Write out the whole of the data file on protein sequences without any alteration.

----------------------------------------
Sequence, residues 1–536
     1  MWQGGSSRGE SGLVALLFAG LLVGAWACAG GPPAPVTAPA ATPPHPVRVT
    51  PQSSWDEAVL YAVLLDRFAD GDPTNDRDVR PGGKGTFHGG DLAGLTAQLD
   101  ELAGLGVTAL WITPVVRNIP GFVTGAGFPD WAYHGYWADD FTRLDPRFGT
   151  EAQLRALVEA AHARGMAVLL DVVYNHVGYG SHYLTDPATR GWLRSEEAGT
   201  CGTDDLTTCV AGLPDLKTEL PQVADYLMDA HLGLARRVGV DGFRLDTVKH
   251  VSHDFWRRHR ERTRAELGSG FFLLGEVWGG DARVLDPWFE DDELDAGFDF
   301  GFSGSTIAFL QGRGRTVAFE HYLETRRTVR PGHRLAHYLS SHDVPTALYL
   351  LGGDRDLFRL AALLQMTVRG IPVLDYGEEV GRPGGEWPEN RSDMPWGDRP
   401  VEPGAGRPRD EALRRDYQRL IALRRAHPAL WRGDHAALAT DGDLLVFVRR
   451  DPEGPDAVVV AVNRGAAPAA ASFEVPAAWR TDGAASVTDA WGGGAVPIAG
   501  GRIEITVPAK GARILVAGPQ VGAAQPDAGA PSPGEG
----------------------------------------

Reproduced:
Sequence, residues 1–536
     1  MWQGGSSRGE SGLVALLFAG LLVGAWACAG GPPAPVTAPA ATPPHPVRVT
    51  PQSSWDEAVL YAVLLDRFAD GDPTNDRDVR PGGKGTFHGG DLAGLTAQLD
   101  ELAGLGVTAL WITPVVRNIP GFVTGAGFPD WAYHGYWADD FTRLDPRFGT
   151  EAQLRALVEA AHARGMAVLL DVVYNHVGYG SHYLTDPATR GWLRSEEAGT
   201  CGTDDLTTCV AGLPDLKTEL PQVADYLMDA HLGLARRVGV DGFRLDTVKH
   251  VSHDFWRRHR ERTRAELGSG FFLLGEVWGG DARVLDPWFE DDELDAGFDF
   301  GFSGSTIAFL QGRGRTVAFE HYLETRRTVR PGHRLAHYLS SHDVPTALYL
   351  LGGDRDLFRL AALLQMTVRG IPVLDYGEEV GRPGGEWPEN RSDMPWGDRP
   401  VEPGAGRPRD EALRRDYQRL IALRRAHPAL WRGDHAALAT DGDLLVFVRR
   451  DPEGPDAVVV AVNRGAAPAA ASFEVPAAWR TDGAASVTDA WGGGAVPIAG
   501  GRIEITVPAK GARILVAGPQ VGAAQPDAGA PSPGEG